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Thursday, May 13, 2021

Cakes and Wine ~ May you eat the bread of life

 



The idea of sharing a communion with deity by partaking of food and drink is an ancient custom and practice, not defined by, nor exclusive to, the Judeo/Christian religions of today. It’s generally referred to as “cakes & wine” or “cakes & ale”. This ritual is viewed as a celebration of the union of the god-- represented by the athame, and the goddess-- represented by the chalice.

A cakes and wine ritual may be incorporated into any other ritual. It will highlight the celebration with a special connection to divinity.

Items needed:

  • 1. Wine-- or if preferred, a nonalcoholic beverage, such as grape juice
  • 2. Bread/cookies/pastry, etc. If this is made especially for the ritual, you could add a pinch of an herb connected with a particular god/goddess, or an herb associated with the type of ritual you’ll be celebrating when you have cakes & wine.
  • 3. A plate to hold the bread or pastry
  • 4. Chalice
  • 5. Athame

The basic ritual:

  • 1. The Priestess stands at the altar and acknowledges the sacredness of god and goddess, saying:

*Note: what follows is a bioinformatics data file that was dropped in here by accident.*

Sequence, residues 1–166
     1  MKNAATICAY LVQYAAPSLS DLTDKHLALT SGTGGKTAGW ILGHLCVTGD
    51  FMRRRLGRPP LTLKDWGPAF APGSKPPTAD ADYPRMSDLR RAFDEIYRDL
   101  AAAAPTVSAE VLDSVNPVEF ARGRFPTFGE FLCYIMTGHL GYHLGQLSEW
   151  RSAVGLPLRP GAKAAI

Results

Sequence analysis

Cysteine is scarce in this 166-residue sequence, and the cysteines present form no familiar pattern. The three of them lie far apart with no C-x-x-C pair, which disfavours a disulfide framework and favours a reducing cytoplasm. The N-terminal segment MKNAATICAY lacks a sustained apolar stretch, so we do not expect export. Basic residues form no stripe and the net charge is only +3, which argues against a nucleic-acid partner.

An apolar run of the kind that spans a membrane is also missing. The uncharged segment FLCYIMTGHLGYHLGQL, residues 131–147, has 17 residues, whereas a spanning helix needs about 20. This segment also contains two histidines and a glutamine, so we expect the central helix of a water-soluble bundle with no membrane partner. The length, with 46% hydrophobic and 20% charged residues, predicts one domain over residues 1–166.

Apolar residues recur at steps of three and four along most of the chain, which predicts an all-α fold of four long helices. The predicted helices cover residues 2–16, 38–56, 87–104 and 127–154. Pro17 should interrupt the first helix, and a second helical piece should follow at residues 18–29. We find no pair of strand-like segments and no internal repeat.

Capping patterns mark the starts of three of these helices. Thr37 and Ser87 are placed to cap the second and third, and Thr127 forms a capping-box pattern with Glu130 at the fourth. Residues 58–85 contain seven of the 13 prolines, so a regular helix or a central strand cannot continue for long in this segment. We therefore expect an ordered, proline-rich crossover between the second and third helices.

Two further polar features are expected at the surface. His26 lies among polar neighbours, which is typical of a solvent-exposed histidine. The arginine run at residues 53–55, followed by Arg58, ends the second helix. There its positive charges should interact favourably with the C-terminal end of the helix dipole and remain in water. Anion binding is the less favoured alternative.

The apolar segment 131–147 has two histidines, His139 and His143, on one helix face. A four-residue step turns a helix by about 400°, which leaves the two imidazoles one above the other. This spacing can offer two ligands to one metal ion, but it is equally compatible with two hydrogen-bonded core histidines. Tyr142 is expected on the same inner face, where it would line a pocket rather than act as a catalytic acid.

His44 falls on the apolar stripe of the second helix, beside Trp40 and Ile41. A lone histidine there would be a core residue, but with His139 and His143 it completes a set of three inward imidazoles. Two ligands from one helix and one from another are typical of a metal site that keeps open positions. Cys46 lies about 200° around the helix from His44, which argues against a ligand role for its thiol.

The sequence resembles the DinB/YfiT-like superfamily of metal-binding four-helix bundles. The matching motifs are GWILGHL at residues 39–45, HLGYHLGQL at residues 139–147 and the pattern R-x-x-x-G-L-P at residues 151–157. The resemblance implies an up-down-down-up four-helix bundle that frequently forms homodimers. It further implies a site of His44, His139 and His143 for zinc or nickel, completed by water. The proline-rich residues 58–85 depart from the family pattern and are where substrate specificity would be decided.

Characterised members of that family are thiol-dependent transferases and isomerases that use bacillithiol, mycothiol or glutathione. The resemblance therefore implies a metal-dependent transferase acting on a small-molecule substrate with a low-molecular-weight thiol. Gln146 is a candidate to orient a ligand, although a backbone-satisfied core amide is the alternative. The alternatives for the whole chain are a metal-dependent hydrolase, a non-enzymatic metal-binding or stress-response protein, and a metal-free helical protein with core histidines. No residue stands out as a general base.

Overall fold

“We gather here to draw strength and magic from the god…Father Sky, the power of the sun, who sends His energy out to us, that we may project magic and manifestation.”

“We gather here to draw strength and magic from the goddess…Mother Earth, the power of the moon, who sends her energy inward to us, that we may receive magic and manifestation.”



  • 2. The Priestess will take up her athame, holding it high above the chalice of wine with both hands. While slowly lowering the tip of the blade into the chalice of wine, she will say:

“As the God finds joy and fulfillment in union with the Goddess, so shall the earth be fruitful and blessed.”


  • 3. The Priestess shall then hold the athame in her hand, touching the tip of the blade to the bread, saying:

“As the Goddess finds joy and fulfillment in union with the God, so shall the earth be fruitful and blessed.”

  • 4. All present shall share of the bread and wine, saving a small amount of each to pour out upon the earth as a libation.




The source for these rituals, my book:






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